The current study
Taken together, gaining insight into the associations between BPD features and social relationships with mothers and a best friend in adolescents and young adults would provide a window into the context for the development of psychosocial functioning during a crucial phase in the onset of BPD. The current study aims to add to the literature by examining relations between the quality of relationships with both mothers and a best friend and BPD in young people, investigating the role of age in these relationships, and comparing the results on the quality of relationships with the mother as reported both by the young person and the mother.
We expect that less supportive interactions and more negative interactions with mothers are related to more BPD symptoms. Similarly, we expect that less supportive interactions and more negative interactions with a best friend are related to more BPD symptoms [20, 34]. With regards to the role of age, it is hypothesized that the link between maternal supportive and negative interactions and BPD becomes weaker when adolescents grow older. Thus, associations between the maternal factors (maternal supportive and maternal negative interactions) and BPD might be smaller for older individuals and larger for younger individuals (i.e., moderation). For relationships with best friends, the opposite pattern is hypothesized; that is, we expect that associations between the best friend factors (best friend supportive and negative interactions) and BPD might be larger for older individuals and smaller for younger individuals.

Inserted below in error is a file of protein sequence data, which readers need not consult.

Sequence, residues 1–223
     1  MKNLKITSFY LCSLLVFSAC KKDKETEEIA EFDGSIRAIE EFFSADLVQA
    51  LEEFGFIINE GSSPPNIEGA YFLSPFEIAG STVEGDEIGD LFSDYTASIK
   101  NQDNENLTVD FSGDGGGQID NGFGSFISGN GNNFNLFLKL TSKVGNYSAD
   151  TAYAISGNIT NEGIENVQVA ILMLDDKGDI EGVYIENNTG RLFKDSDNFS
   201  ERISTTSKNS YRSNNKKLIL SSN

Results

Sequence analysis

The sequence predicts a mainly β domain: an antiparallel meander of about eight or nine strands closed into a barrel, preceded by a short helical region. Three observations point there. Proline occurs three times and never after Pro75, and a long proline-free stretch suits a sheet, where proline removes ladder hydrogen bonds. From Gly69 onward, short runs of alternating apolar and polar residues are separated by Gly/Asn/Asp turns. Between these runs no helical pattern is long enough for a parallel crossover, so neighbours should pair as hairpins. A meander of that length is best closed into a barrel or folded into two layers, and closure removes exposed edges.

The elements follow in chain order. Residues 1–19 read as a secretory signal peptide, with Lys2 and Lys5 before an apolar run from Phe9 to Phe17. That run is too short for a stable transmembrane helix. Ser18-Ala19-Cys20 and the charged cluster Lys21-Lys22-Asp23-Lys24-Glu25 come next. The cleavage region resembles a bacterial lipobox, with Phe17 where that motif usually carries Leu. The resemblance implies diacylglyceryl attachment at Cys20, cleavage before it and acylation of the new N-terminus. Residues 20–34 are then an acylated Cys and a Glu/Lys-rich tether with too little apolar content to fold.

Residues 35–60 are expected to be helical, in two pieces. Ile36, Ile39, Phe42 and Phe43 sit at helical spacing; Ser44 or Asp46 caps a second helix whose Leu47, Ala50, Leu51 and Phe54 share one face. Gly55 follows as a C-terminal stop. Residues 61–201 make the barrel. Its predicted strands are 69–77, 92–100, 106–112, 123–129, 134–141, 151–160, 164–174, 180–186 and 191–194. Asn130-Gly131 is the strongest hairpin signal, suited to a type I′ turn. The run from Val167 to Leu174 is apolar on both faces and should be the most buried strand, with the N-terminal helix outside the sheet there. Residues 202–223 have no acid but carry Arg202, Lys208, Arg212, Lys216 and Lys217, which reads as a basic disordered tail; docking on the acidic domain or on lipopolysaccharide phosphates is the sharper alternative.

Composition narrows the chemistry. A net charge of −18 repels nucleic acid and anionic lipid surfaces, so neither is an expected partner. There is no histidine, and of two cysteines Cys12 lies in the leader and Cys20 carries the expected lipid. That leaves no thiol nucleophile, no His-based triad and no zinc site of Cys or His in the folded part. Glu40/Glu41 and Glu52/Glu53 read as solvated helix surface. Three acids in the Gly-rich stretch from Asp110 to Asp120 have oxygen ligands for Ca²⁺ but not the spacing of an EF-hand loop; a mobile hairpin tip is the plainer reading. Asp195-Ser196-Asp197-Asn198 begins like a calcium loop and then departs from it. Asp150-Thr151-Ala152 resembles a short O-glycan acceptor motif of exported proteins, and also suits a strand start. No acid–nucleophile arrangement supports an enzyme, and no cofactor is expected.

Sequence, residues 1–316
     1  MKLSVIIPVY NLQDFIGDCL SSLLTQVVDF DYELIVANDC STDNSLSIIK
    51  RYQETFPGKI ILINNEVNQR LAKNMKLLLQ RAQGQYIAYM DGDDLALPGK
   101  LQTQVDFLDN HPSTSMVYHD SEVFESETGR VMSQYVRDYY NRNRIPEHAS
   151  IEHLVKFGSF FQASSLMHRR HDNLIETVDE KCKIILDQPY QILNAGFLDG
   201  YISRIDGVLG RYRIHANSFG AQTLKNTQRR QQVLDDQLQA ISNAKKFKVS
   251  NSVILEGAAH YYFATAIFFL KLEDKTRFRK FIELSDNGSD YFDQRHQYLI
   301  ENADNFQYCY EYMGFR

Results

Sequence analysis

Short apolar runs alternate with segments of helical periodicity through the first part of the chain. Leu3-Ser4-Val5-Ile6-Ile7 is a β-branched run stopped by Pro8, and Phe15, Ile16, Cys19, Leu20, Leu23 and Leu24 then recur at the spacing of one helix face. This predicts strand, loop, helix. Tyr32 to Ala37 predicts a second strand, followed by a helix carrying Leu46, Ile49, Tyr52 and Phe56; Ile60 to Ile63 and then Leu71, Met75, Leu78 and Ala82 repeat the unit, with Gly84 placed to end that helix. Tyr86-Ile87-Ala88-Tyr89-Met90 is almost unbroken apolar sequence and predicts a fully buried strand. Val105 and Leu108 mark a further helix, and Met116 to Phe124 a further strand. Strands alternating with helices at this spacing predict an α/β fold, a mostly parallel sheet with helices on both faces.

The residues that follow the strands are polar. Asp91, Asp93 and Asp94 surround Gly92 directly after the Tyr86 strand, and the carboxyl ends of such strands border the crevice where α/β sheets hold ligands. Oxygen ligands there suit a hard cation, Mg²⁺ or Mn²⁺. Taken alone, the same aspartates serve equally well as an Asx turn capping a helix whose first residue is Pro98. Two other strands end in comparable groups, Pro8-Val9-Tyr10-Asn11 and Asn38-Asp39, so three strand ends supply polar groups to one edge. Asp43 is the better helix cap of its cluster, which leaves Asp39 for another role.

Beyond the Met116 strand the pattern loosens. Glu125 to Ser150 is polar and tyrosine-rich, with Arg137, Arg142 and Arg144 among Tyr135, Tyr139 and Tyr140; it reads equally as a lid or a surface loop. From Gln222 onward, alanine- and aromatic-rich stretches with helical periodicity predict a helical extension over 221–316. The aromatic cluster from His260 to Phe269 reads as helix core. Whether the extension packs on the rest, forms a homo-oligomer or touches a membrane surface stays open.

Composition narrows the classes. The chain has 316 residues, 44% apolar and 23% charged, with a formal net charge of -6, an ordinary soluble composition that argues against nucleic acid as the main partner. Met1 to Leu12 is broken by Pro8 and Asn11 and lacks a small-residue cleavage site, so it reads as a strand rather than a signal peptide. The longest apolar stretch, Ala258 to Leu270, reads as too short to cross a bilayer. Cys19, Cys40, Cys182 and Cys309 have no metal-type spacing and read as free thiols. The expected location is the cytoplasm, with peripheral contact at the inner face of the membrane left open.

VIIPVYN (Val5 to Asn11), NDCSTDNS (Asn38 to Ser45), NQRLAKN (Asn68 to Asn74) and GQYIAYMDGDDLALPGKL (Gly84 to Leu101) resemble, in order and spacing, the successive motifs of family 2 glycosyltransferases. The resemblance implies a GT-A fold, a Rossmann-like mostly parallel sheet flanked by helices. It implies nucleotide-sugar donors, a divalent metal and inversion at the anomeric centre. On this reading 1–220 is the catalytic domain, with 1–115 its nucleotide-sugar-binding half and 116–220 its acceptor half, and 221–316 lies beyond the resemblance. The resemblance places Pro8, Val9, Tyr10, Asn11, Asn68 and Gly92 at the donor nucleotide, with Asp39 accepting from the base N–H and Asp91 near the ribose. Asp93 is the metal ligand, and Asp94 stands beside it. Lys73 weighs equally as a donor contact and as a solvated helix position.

Finally, in addition to studying the quality of parental relationships from a young person’s perspective, a parent’s perspective on this relationship can add to a more informative view by understanding individual differences between youths’ and parents’ reports of family relationships. Therefore, we will test the robustness of our findings by comparing the results based on self-report with results from a subsample in which supportive and negative interactions with mothers were rated by the mother.